Needless to say, I'm honored. It's not every day a dedicated citizen journalist gets his name in lights. (I'm also thrilled, of course, to be mentioned in the same report as a blogger named Chris "Chugs" Taylor.) Hopefully I can show my appreciation by coming back to this blog, which I've been neglecting of late, mostly due to the demands of full-time work. Friends have noticed my absence and encouraged me to get back on the horse, and I appreciate that.
However, within a day, some bloggers and mainstream outlets such as the Washington Post did some investigating and determined that the BBC report was misleading. In reality, the Mattel company, which has international rights to the game but not the rights in the U.S., plans on releasing a new version called Scrabble Trickster, which will allow proper nouns. The original game will remain untouched.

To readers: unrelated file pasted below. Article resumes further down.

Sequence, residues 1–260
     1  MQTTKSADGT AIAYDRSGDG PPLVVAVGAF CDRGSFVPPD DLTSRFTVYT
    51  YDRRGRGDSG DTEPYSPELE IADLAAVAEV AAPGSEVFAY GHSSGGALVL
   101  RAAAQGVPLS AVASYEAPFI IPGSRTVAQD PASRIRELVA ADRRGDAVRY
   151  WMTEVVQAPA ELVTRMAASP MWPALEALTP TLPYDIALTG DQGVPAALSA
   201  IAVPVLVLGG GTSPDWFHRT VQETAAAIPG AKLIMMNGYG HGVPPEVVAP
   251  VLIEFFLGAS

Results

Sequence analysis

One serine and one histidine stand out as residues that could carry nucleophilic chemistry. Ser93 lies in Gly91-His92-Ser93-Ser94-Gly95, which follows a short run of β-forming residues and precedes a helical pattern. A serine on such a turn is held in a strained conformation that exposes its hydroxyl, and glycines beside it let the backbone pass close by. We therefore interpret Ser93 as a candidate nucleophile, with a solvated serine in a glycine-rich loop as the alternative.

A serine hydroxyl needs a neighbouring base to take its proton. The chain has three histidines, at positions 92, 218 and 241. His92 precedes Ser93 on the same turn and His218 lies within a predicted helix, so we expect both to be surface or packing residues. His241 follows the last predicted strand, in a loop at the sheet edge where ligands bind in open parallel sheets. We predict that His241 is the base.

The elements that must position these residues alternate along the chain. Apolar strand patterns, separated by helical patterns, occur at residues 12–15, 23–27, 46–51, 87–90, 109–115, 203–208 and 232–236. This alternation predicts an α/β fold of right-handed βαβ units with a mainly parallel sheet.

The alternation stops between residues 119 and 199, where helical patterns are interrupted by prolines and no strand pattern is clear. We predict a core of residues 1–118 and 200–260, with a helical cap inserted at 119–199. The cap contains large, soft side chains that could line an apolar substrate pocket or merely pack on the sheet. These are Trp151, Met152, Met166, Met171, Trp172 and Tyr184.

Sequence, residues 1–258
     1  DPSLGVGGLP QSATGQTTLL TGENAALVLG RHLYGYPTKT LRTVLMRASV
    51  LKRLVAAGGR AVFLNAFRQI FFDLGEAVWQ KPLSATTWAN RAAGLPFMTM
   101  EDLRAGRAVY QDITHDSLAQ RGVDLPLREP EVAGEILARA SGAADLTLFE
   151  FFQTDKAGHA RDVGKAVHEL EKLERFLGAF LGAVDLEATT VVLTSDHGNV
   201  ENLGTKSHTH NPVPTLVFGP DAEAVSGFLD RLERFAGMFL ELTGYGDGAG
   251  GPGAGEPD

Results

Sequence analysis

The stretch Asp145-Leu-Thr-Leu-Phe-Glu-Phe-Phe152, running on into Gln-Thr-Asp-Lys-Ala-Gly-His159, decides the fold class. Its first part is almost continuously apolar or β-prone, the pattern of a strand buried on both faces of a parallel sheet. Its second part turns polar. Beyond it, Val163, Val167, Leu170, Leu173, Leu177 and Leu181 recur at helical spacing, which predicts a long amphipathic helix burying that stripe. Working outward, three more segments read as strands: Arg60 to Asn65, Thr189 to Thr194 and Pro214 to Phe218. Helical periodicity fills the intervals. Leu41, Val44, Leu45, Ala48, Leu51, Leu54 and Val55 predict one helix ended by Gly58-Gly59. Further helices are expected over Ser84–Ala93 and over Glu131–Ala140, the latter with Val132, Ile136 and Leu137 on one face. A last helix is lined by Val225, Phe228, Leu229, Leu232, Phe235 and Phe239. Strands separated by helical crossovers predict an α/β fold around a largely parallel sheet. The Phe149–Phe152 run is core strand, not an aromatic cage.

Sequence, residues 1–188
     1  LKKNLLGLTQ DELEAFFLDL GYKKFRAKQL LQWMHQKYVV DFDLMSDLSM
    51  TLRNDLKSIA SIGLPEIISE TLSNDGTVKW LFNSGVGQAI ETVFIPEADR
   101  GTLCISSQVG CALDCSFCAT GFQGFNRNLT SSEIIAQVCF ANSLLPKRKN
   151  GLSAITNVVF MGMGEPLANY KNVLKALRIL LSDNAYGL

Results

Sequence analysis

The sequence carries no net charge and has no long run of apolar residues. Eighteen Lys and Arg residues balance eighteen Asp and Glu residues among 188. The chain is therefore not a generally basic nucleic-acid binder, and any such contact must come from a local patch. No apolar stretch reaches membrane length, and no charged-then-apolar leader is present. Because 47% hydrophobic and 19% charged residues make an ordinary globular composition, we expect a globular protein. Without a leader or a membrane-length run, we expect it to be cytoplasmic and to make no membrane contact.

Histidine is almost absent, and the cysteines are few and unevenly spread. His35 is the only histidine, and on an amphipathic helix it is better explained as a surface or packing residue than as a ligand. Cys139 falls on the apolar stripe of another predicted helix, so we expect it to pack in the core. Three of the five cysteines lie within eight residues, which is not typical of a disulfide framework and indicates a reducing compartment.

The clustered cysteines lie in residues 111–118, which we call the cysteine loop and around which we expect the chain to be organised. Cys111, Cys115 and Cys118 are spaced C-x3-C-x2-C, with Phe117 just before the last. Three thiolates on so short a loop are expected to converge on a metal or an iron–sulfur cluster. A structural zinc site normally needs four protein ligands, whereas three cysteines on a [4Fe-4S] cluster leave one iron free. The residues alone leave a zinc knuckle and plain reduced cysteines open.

Some bloggers updated their blogs accordingly.
"Reliable sources have informed me that the British version of Scrabble that permits proper nouns is, in fact, a gimmicky one-off rather than some kind of new world order," wrote Neal Schindler at Red Blue Green just hours after the initial news report surfaced. "The American version, owned by Hasbro, still bans proper nouns, as well it should. I feel better."
Tuesday, May 18, 2010
Red Blue Green quoted by Pew Research Center!
My April post about the British version of Scrabble that allows proper nouns apparently caught the eye of the nice folks at Pew, who proceeded to quote me in the recent article "Game Changer." To wit: